Remembering Gramsci

Remembering Gramsci

April 27 was the 76th death anniversary of Antonio Gramsci, one of the greatest 20th century intellectuals and the leader of Italian Communist Party....

April 27 was the 76th death anniversary of Antonio Gramsci, one of the greatest 20th century intellectuals and the leader of Italian Communist Party. He was just 46 when he died in 1937 after spending 10 years in prison under the fascist regime of Mussolini in Italy. Much like the other great revolutionary, Che Guevara, whose dashing portraits adorn many an innocent teenager's t-shirt; Gramsci too became an intellectual style statement somewhere along the way.

Gramsci was born in the small backward province of Sardinia into a family that was not very prosperous. His early life was made more difficult by his own poor health and physical disabilities. He completed schooling despite the desperately poor circumstances of his family and won a scholarship to the university in Turin. A While at the university, Gramsci took several courses in social sciences but developed a special liking for linguistics. Though he dropped out of the university, Turin, a major industrial city, gave him the opportunity to engage with the working class movement. He later became the head of the Communist Party.

Unlike most communist leaders of the time, Gramsci combined grassroots organizational abilities with incisive intellect to theorize and provide direction to the movement. But it was during his years in prison, his deep engagement with the ferment in Europe after the Russian revolution, his interactions with the leading economists and intellectuals of his time, that produced his "Prison Notebooks". "Prison Notebooks" was not published till the 1950s and translations became available only in the 1970s. Before their publication and wider availability, there was an attempt on part of some European intellectuals to co-opt Gramsci as a critic of classical Marxism and to reinterpret him in various ways, singling out his thoughts as the more 'acceptable'perspective of Marxism.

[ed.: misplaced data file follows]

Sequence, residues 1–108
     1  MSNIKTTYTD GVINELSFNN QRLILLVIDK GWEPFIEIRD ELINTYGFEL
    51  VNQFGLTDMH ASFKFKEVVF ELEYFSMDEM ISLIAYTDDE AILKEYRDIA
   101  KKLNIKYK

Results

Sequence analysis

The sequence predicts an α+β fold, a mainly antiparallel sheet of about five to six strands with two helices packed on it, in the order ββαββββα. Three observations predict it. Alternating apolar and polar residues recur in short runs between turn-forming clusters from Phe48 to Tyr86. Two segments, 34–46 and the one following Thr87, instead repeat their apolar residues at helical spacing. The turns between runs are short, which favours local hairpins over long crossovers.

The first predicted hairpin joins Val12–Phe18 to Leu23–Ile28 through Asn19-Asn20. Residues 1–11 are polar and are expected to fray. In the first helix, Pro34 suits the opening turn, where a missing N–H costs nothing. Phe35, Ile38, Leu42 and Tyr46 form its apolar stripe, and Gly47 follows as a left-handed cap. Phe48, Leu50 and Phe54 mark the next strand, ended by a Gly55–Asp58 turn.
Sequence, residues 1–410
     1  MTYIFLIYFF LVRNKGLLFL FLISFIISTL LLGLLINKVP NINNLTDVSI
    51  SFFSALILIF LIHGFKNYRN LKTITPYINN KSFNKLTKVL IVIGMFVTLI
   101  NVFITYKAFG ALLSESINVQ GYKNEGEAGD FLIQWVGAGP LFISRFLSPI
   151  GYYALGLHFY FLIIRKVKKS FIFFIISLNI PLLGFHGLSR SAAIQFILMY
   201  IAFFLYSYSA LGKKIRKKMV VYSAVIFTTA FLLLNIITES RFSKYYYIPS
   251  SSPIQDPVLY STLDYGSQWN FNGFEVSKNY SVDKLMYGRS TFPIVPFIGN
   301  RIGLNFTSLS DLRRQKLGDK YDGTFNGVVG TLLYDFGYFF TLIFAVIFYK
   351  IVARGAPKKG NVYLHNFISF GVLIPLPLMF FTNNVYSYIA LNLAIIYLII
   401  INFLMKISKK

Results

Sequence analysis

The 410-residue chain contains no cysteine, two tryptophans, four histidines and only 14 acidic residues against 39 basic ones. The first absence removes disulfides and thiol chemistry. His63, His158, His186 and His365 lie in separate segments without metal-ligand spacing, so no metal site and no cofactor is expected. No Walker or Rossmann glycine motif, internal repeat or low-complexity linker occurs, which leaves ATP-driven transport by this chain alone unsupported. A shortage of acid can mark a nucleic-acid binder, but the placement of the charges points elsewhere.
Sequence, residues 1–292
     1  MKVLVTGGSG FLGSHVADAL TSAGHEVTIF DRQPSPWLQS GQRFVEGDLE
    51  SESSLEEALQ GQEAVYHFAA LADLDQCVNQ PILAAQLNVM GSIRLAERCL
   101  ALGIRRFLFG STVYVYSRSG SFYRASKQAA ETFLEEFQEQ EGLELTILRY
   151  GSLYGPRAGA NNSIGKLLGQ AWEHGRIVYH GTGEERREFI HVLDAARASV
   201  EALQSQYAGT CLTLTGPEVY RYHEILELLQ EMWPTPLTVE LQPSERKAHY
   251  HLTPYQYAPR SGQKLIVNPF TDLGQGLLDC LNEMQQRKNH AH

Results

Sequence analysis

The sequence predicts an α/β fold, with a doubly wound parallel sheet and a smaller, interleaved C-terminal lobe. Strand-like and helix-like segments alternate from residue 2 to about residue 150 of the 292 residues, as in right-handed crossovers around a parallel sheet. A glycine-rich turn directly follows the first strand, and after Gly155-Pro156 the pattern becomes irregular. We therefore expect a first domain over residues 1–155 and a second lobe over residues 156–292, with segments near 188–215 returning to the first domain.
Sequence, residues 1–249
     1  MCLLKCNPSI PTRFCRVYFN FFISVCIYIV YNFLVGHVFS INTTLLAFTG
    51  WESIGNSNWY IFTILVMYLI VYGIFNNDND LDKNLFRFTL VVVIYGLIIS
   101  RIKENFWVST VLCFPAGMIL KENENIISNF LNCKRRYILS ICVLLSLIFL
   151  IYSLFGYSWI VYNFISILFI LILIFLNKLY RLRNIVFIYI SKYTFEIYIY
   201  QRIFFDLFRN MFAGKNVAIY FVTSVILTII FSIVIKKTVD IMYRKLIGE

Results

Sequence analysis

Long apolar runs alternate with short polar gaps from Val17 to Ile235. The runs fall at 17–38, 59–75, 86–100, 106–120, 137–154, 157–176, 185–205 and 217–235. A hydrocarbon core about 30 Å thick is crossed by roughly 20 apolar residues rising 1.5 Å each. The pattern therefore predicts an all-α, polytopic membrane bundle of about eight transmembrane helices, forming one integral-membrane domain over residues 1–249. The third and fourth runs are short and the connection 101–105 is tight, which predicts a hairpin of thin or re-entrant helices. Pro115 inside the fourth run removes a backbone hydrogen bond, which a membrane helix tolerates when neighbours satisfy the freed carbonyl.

Some of the terminology he used in the "Prison Notebooks", such as hegemony, organic intellectual, civil society, though not all coined by him, acquired a radical edge in political philosophy. These words and phrases have also gained wide currency in popular discourse.A Like Marx himself, Gramsci was also a journalist for some time. Between 1914 till his arrest in 1926, Gramsci edited and wrote for several publications. He was considered a formidable theatre critic. He wrote for socialist papers and became the co-editor of Avanti! in 1916. Later in 1919, he was also instrumental in setting up a weekly L'OrdineNuovo (The New Order).

In one of his early writings on December 22, 1916, called "Newspapers and The Workers", he discusses the seemingly innocent act of subscribing to one newspaper or another in the market.A In that article he writes: "Hundreds of thousands of workers regularly and daily give their pennies to the bourgeois newspapers, thus assisting in creating their power. Why? If you were to ask this of the first worker you were to see on the tram or the street with a bourgeois paper spread before him, you would hear: "Because I need to hear about what is happening."

And it would never enter his head that the news and the ingredients with which it is cooked are exposed with an art that guides his ideas and influences his spirit in a given direction. And yet he knows that this newspaper is opportunist, and that one is for the rich, that the third, the fourth, the fifth is tied to political groups with interests diametrically opposed to his.